*574 Alimony is generally considered as an allowance to the wife out of the earnings of the husband or income from his estate but not the estate itself, and arises from the obligation of the husband to maintain and support the wife according to his means and social position. 6 M.J., Divorce and Alimony, Section 59; Miller v. Baer, 114 W.Va. 566, 172 S.E. 612; Burdette v. Burdette, 109 W.Va. 95, 153 S.E. 150; Kittle v. Kittle, 86 W.Va. 46, 102 S.E. 799; Sperry v. Sperry, 80 W.Va. 142, 92 S.E. 574; Henrie v. Henrie, 71 W.Va. 131, 76 S.E. 837; Reynolds v. Reynolds, 68 W.Va. 15, 69 S.E. 381, Ann. Cas.1912A, 889; Barnes v. American Fertilizer Company, 144 Va. 692, 130 S.E. 902; Lovegrove v. Lovegrove, 128 Va. 449, 104 S.E. 804; Latham v. Latham, 30 Gratt., Va., 307; Bailey v. Bailey, 21 Gratt, Va., 43. There is authority for the view that permanent alimony is not based upon the obligation of support which is terminated by final decree of divorce but is substituted for the right of the innocent party which the divorce destroys or is a penalty imposed upon the guilty party for violation of the marital obligation. 17 Am.Jur., Divorce and Separation, Section 653; Gibson v. Gibson, 81 Misc. 508, 143 N.Y.S. 37. The generally accepted view, however, is that the function of permanent alimony is to provide support for the wife and that it is based upon the common-law right of the wife to support by the husband which continues until forfeited by the misconduct of the wife and upon the natural and legal duty of the husband to support his wife. 6 M.J., Divorce and Alimony, Section 59; Eaton v. Davis, 176 Va. 330, 10 S.E.2d 893; Cecil v. Cecil, 179 Va. 274, 19 S.E.2d 64; Hulcher v. Hulcher, 177 Va. 12, 12 S.E.2d 767. Though the power of courts of equity to award alimony is derived from statute it did not originate in any statute but stems from the legal obligation of the husband, incident to the marriage state, to maintain his wife in a manner suited to his means and social position. 6 M.J., Divorce and Alimony, Section 59; Korczyk v. Solonka, 130 W.Va. 211, 42 S.E.2d 814; Miller v. Baer, 114 W.Va. 566, 172 S.E. 612; Burdette v. Burdette, 109 W.Va. 95, 153 S.E. 150; Reynolds v. Reynolds, 68 W.Va. 15, 69 S.E. 381, Ann.Cas.1912A, 889; Wilson v. Wilson, 178 Va. 427, 17 S.E.2d 397; Bray v. Landergren, 161 Va. 699, 172 S.E. 252; Harris v. Harris, 31 Gratt., Va., 13. Alimony is a right of the wife which she may forfeit by her misconduct; and when she is the offender she can not have an award of alimony in a decree of divorce in favor of her husband, in the absence of a statute which authorizes such award. 6 M.J., Divorce and Alimony, Section 62; House v. House, 102 Va. 235, 46 S.E. 299; Harris v. Harris, 31 Gratt., Va., 13.

In Chapman v. Parsons, 66 W.Va. 307, 66 S.E. 461, 135 Am.St.Rep. 1033, 24 L.R. A.,N.S., 1015, this Court held in point 2 of the syllabus that alimony is only cognizable as between parties united by a marital relation that imposes upon the husband the legal duty to support the wife. In that case, a proceeding in prohibition in which the husband obtained a writ which prohibited the enforcement of a decree awarding the wife alimony in an independent suit to set aside a decree in a prior suit in which the husband was granted a divorce and in which there was no allowance for the maintenance of the wife because of her desertion, this Court, discussing the effect of a decree of divorce upon the duties and responsibilities of the parties, used this language: "The terms and effect of a decree of divorce from bed and board has taken the place of the common law duties and responsibilities as between man and wife. The duty of the husband to support the wife is supplanted by the decree of judicial separation. After the making of that decree he has no obligation to maintain her except as adjudged by the decree. * * *. But a provision for alimony is wholly absent from the decree by which these parties are separated. That decree thereby says that the husband owes no further duty of support to the wife. In real effect, it says that the marriage relation *575 in this particular is dissolved. The judicial separation of the parties has put no duty of support upon the husband. He is no more a husband in this particular. By the force and effect of the decree the marriage is fully dissolved so far as the duty of support is concerned. In this particular the marital relation is at an end. Only a reconciliation can change that status. Plainly, where there is no relation that legally imposes the duty of the wife's maintenance on the husband, the law gives no power to make him maintain the wife."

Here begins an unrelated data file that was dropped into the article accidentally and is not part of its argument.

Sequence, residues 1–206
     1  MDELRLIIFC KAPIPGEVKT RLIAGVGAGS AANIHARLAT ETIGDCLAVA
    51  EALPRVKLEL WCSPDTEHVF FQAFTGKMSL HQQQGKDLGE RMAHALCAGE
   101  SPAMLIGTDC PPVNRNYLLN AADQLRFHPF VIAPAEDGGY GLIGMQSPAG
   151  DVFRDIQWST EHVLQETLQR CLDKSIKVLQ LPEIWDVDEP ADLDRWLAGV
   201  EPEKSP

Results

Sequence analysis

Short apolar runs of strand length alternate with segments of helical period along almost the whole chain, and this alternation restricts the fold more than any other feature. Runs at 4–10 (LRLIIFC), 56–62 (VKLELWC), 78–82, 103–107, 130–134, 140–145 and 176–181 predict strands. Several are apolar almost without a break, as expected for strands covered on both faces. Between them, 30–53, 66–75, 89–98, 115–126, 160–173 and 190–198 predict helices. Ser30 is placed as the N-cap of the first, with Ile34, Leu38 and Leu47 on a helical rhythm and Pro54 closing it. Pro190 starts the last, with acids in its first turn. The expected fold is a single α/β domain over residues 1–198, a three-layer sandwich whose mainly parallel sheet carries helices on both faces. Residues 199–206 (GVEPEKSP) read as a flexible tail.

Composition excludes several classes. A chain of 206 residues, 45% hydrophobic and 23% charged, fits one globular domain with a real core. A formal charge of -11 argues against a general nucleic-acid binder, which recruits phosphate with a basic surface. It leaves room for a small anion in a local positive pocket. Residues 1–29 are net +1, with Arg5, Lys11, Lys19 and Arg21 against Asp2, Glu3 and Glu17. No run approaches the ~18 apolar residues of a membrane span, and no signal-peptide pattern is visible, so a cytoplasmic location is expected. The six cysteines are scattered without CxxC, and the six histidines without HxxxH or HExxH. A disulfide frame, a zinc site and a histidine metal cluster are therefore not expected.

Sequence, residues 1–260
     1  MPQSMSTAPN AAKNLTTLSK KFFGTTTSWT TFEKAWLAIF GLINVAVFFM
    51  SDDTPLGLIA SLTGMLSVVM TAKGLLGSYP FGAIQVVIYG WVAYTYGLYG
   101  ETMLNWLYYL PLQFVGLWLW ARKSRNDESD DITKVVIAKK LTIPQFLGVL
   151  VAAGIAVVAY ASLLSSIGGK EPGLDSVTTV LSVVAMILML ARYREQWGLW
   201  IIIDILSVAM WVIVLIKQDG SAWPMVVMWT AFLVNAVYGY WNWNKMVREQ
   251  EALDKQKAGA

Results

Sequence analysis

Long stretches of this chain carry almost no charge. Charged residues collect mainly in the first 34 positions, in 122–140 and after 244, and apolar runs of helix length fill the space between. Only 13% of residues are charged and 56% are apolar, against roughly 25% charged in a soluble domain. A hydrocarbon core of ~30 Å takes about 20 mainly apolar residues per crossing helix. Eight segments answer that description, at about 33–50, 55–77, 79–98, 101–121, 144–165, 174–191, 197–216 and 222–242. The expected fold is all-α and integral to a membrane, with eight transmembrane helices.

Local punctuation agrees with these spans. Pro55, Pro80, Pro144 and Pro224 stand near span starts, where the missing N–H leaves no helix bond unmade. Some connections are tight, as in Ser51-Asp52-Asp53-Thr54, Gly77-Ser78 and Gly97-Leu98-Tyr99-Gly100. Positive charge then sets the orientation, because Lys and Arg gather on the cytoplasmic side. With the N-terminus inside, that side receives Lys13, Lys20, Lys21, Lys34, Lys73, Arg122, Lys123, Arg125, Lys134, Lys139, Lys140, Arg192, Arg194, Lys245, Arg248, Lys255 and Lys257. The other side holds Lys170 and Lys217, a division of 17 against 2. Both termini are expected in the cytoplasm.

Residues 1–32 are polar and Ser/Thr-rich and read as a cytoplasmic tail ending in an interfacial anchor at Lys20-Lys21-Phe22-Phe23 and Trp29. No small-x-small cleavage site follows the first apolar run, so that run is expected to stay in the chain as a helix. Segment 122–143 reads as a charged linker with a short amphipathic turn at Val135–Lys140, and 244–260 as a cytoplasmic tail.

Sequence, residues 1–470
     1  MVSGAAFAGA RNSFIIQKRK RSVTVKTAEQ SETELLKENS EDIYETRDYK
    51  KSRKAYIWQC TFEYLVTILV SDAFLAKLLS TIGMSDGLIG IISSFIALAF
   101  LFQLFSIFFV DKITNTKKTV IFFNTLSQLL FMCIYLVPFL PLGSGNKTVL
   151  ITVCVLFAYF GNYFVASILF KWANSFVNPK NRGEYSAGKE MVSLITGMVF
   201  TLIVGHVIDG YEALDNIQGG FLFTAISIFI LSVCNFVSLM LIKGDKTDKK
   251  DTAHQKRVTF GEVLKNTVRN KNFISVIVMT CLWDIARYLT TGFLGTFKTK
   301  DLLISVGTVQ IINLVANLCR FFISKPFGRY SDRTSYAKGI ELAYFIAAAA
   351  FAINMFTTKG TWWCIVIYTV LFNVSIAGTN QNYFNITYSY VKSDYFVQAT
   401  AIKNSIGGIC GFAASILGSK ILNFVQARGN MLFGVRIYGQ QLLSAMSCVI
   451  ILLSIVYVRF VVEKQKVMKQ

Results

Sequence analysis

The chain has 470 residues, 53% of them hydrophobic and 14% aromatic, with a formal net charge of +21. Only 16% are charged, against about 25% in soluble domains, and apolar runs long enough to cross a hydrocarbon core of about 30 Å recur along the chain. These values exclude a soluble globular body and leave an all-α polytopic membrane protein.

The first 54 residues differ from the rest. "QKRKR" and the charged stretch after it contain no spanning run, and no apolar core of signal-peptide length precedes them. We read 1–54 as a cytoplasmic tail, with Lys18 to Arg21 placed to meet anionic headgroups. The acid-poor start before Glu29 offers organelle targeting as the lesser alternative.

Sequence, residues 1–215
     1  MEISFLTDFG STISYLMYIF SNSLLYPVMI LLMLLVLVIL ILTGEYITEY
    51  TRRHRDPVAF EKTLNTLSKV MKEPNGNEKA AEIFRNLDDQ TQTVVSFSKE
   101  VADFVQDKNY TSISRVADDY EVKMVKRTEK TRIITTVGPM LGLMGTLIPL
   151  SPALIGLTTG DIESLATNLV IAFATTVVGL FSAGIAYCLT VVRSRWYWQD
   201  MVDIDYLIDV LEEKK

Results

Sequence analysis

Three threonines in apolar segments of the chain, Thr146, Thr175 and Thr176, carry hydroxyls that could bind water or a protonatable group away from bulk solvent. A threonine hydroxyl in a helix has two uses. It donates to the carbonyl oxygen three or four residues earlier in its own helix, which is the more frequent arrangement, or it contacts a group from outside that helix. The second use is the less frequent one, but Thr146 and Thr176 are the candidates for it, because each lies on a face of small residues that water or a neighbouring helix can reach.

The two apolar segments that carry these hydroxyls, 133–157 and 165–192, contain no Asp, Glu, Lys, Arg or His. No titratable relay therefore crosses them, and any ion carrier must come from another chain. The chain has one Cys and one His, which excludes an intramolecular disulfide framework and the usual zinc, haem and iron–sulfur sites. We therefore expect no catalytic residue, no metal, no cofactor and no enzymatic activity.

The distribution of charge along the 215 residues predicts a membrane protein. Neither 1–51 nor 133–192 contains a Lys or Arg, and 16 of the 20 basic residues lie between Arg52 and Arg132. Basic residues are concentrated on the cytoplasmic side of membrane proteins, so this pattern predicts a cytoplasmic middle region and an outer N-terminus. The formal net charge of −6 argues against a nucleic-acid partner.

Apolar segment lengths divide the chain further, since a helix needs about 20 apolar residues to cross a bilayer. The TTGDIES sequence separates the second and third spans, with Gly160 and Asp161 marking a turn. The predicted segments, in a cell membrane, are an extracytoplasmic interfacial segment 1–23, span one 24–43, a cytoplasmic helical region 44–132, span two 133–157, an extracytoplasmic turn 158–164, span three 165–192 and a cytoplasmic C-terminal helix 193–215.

In Harris v. Harris, 31 Gratt., Va., 13, under a divorce statute of Virginia which provided, as did an identical statute of this State until its amendment by the Code of 1931, that: "Upon decreeing the dissolution of a marriage, and also upon decreeing a divorce, whether from the bond of matrimony or from bed and board, the court may make such further order as it shall deem expedient concerning the estate and maintenance of the parties, or either of them, * * *.", the Court held that, as the husband was granted an absolute divorce on the ground of desertion, the wife, having left her husband without sufficient cause, was not entitled to alimony out of the estate of her husband. Though by the statute the court was vested with discretion to make any further order concerning the estate and the maintenance of the parties, or either of them, the Supreme Court of Appeals of Virginia declared that such discretion was a sound, judicial, not an arbitrary, discretion, and in the opinion said that discretion "when applied to a court of justice, means sound discretion guided by law. It must be governed by rule; it must not be arbitrary, vague and fanciful, but legal and regular."; and that "It is not an unlimited power, but in all cases, where by law, whether statute or common law, a subject is referred to the discretion of the court, that must be regarded as a sound discretion, to be exercised according to the circumstances of each particular case." With respect to an award of alimony under the statute to a wife whose misconduct entitled the husband to an absolute divorce the opinion contains these statements: